Then we dodge cyclists along the dirt roads of the port town and sample wine poured from huge glass jars showcasing fermented cobras marinating in rice wine. The wine, so they say, is good for virility: the longer the snake, the better the quality.

Later we visit a brickworks factory in Sa Dec. This is a more sobering affair. It's hot and heavy work unloading the beehive brick ovens. Among the piles of bricks are graves of workers who once lived on site. Via the local markets where lottery tickets, skinned frogs and rice rats are sold, we visit the house of Huynh Thy Le, the son of a wealthy Chinese family and the lover of author Marguerite Duras. The two became involved in a steamy love affair and tourists can recreate this passion by staying there for a night. Later we will pass by the home of Marguerite Duras across the riverbank.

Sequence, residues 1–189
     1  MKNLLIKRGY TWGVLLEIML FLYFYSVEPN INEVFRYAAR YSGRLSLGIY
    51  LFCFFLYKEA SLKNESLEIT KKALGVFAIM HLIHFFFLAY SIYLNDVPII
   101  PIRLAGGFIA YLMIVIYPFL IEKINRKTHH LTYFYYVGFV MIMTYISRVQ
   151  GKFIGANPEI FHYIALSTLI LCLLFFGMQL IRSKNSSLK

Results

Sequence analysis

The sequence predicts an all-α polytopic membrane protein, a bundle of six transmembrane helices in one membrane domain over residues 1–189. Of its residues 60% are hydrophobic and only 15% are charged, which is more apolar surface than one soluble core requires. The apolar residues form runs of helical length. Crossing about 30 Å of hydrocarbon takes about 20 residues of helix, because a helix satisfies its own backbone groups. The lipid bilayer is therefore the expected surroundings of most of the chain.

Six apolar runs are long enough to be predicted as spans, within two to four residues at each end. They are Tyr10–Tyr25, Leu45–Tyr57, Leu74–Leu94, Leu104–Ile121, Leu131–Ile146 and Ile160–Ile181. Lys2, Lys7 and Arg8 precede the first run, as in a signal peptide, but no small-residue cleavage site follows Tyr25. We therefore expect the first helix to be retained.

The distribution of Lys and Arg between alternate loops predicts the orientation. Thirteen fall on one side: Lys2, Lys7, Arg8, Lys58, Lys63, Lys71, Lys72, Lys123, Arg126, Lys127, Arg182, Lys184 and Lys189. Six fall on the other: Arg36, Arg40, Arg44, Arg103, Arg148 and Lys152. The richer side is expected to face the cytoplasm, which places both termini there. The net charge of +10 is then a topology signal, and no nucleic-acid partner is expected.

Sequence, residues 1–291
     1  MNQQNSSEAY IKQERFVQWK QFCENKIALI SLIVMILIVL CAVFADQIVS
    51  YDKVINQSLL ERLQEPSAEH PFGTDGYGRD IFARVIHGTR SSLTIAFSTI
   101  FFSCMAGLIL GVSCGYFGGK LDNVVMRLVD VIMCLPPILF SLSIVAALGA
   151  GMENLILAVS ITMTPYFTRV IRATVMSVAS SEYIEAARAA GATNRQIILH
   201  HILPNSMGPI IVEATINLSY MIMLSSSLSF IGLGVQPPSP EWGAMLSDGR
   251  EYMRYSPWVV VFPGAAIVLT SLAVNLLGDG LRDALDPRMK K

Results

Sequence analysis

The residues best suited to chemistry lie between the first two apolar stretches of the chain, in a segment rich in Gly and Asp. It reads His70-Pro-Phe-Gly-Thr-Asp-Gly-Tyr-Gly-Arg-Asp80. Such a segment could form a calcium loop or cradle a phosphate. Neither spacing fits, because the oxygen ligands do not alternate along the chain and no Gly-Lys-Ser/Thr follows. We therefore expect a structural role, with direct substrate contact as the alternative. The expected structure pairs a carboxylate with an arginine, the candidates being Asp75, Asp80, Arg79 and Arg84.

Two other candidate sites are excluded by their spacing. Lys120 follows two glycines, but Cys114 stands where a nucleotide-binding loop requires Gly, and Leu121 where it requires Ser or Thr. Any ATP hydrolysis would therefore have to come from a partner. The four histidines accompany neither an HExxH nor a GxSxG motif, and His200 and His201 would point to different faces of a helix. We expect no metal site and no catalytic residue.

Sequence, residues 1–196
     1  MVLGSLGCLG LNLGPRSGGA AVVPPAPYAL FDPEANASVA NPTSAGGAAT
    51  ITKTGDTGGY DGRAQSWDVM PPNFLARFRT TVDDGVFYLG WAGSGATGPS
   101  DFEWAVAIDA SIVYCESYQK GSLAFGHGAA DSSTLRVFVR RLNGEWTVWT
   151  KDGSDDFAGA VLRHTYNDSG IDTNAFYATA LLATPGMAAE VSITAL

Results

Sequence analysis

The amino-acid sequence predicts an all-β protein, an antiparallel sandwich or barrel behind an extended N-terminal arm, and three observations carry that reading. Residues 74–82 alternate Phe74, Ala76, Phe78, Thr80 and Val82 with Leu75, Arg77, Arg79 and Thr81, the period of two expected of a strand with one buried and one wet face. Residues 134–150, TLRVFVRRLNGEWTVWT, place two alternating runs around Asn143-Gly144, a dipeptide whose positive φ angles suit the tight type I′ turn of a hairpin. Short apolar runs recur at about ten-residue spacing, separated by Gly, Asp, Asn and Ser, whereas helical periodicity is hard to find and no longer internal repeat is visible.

Returning onboard, after being offered our daily ice-cold rolled towel and glass of fresh fruit smoothie, there's an announcement, followed by a few sniggers: 'Tonight you will be taking The Lover to your room."

We are each handed a DVD of the R-rated movie based on Duras' book, set in French-occupied Vietnam in 1929. It's too risque to be watched in the public room, they say. The movie isn't a patch on the book, and much more entertaining is seeing the fabulous Rosie, tonight in a bejewelled green gown, sing Pretty Woman at the piano bar. Every day she is on the tours explaining how people live along the Mekong, handing out extra water bottles and sharing a joke along the way. Rosie is so loved that former passengers lobbied for her to stay with them in three different states on her recent holiday to Australia.